At the same time, Germany's Dax dropped 0.29 per cent and France's Cac 40 fell 0.9 per cent. Although the FTSEurofirst 300 opened 0.4 per cent higher, it quickly slid back 0.25 per cent.
The falls followed a weekend of fraught negotiation, during which Greek finance minister Yanis Varoufakis was "bypassed" when EU officials decided to call Prime Minister Alexis Tsipras instead after negotiations with Varoufakis became "unproductive".
Not surprisingly, this morning Greek bond yields rose further, with three-year notes hitting 26.69 per cent, while 10-year yields jumping 0.9 percentage points to 12.81 per cent. Meanwhile, the euro slid 0.31 per cent against the dollar to $1.0839.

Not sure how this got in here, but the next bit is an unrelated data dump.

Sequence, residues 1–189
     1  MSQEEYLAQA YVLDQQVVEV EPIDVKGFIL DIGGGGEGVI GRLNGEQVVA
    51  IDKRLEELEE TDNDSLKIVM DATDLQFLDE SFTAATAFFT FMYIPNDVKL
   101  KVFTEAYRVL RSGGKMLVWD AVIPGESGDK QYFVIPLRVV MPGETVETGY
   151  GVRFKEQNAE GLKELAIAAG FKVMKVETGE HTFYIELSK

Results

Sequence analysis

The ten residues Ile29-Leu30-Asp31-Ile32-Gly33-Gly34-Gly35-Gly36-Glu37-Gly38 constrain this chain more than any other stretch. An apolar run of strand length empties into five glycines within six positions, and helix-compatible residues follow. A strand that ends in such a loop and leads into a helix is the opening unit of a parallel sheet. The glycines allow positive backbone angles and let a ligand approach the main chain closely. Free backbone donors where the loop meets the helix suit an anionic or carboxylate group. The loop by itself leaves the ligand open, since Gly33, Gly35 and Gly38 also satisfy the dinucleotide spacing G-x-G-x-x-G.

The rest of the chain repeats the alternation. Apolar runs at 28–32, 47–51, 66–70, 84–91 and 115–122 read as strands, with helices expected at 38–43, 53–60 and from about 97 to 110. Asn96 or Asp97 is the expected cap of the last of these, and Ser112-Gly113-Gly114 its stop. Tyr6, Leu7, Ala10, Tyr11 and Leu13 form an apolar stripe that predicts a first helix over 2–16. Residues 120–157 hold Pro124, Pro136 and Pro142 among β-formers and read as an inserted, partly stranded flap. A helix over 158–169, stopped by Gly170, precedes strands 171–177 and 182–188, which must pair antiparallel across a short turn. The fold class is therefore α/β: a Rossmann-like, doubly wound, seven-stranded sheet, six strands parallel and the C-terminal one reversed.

German finance minister Wolfgang Schaeuble appeared to exacerbate the situation when he hinted on Friday that plans are being drawn up to deal with a Greek default.
Asked about a possible "plan B" at a press conference following negotiations in Riga, Schaeuble shot back that "you shouldn't ask responsible politicians about alternatives".
If a responsible member of the eurogroup, or any responsible politician, were to answer this question with "yes", we know what would happen. If he answered it with "no", which I have done here by not even accepting the question, then we know that you won't believe me.
The comments are likely to have caused further skittishness in the market. As IG Market analyst Alastair McCaig pointed out, "it's one thing to do it and it's another to tell everyone you are".